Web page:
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O-ring or Non O-ring chain? What's the difference...

Discussion in 'Technical and Troubleshooting Torque' at netrider.net.au started by s3cret, Nov 9, 2006.

  1. I have a question which someone could hopefully help me out with - Is there any major difference between chains with o-rings or chains without them (except for the o-rings)? I was curious because I need to get hold of a new chain (my current bike has an o-ring chain) and i've noticed chains without o-rings are substantially lower in price.



    Thanks in advanced...
     
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  2. Bugger all difference on a scooter but big difference with hi torque/hi power bikes. Your profile doesnt say whats between your legs (mine doesnt either but I didnt ask the question) O or X rings are the way to go for most modern bikes IMHO.

    But I can be corrected!
     
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  3. From what I've been told the O ring helps keep the crap from getting in wher the links rub and therefore the chains last longer. I've always used O ring chains just to be on the safe side
     
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  4. An O Ring chain also keeps its lubrication a lot longer, so can be oiled in greater intervals than a non o ring chain. The bonus there is it will likely last a lot longer and you don't need to clean the crap it flicks off onto your back wheel as often!
     
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  5. O-rings are the go.

    The rings keep grit and crap fron getting in between the rollers and the sideplates to the pins themselves - so wear is slower.

    I still lube an o-ring chain just as often as a non o-ring. The o-rings, after all, can't stop wear between the rollers and the sprocket teeth.

    Shiny rollers = a chain that's not looked after and won't last.

    TIP - (I'm sure this has been covered before) use a good quality chain WAX, rather than an oil. Much less flick-off and mess. And apply AFTER a decent ride - the warm chain absorbs the lube more thoroughly, the wax sets as the chain cools, and the flick off when next you ride is negligible.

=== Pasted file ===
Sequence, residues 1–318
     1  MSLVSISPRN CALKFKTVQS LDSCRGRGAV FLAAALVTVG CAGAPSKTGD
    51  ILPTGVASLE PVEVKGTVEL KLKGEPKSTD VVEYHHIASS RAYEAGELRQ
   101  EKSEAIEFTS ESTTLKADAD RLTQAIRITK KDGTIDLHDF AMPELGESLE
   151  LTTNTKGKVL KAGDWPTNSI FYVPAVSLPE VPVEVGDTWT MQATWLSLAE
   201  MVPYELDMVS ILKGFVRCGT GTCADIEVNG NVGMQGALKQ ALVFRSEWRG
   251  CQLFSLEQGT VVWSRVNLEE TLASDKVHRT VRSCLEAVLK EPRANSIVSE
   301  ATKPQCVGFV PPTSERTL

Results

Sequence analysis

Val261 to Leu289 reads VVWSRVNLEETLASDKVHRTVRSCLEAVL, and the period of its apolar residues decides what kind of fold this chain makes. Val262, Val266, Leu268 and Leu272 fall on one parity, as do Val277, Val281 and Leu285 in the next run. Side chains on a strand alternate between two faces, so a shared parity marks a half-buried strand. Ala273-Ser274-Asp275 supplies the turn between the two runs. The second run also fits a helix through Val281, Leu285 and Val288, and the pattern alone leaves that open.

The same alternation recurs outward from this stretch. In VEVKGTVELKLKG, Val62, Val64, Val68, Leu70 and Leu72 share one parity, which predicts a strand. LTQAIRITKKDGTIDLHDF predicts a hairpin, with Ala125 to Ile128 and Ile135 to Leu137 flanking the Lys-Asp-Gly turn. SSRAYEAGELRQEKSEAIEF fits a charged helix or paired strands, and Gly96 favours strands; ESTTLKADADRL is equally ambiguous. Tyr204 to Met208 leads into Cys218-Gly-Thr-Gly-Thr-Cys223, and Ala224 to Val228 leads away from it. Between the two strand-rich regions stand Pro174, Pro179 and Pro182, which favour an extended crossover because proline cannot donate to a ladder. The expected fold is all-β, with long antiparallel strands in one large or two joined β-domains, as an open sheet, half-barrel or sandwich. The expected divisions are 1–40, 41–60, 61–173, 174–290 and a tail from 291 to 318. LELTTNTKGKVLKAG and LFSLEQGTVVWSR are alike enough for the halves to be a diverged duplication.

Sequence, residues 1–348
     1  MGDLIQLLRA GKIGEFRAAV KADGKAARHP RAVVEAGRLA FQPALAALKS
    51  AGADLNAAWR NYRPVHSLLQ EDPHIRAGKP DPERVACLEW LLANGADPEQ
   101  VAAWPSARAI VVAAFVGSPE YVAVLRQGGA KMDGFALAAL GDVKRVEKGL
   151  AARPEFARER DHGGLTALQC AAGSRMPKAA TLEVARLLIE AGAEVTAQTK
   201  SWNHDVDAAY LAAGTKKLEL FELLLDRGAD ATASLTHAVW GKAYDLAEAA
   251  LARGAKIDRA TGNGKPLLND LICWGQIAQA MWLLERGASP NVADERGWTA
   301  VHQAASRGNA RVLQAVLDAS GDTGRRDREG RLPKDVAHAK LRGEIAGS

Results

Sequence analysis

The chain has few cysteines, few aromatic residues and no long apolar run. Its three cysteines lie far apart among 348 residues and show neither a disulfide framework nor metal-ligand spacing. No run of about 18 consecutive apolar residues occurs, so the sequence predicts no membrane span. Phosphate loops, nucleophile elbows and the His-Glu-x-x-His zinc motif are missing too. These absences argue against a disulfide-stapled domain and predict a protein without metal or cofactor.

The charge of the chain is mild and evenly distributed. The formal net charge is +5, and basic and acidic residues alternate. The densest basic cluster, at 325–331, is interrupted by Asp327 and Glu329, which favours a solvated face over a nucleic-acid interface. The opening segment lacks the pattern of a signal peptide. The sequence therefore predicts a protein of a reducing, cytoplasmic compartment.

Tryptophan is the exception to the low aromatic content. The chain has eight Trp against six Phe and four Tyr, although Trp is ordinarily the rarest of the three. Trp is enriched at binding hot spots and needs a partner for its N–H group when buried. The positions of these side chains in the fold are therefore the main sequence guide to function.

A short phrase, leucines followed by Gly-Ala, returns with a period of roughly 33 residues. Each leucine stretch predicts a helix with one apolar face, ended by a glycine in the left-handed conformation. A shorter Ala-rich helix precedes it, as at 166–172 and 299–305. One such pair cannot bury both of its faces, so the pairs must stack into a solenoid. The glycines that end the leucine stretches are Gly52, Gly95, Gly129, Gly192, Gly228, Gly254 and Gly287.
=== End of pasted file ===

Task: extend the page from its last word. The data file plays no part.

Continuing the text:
Right-o. Back to my pipe and slippers, now.....
     
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  6. Chians without seals are an industrial thing. They are not made for the big speed variations and the dirts that those on motorcycles have to put up with.
     
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  7. o ring chains

    Hi - maybe a silly question but I am replacing the chain and sprockets on my RGV 250 and I need some advice on how to assemble the master link. I know the eye of the spring clip must face the direction of travel. :shock:

    I need to know where the 4 O-rings go and general assembly of the master link tips.

    Anyone help me? :idea:
     
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  8. Re: o ring chains

    That depends on where the link is on the chain though - easiest way to remember is that the closed end of the link points towards the direction the chain travels. As for fitting the link the o-rings are designed to go between the side plate and the link (there's a raised edge around the holes in the link that they seat around). When assembling the link first thing is to get the side plate that has the two pins (rollers) attached and make sure it's thoroughly greased (most come pre-coated) - it's very important that this remains perfectly clean (don't go dropping it on the ground) otherwise you'll just create a grinding paste inside the chain. Next slip an o-ring over each roller and push it through the links you're joining from the inside edge of the chain. Then slip the remaining 2 o-rings over the rollers on the outside edge followed by the side plate. Next step is to compress the link so that the o-rings seat properly around the raised edge of the link. Easiest method I've found is to take the side plate you took off the old chain and slip it over the new one (ie where you'd put the retaining clip) - making sure the holes line up. Then simply use a pair of vice grips to squeeze the side plates together (using the old plate prevents the ends of the rollers hitting the vice grips). Make sure you take care when doing this to make sure the o-rings don't get pinched or damaged. Once the rollers are poking through enough rotate the chain until the join is sitting on the rear sprocket - this will make it much easier to fit the clip since it'll stop the chain from moving. Fitting the clip is just a matter of pushing it over the groove in the rollers - I find a flathead screwdriver and a hammer works well if you're careful.
     
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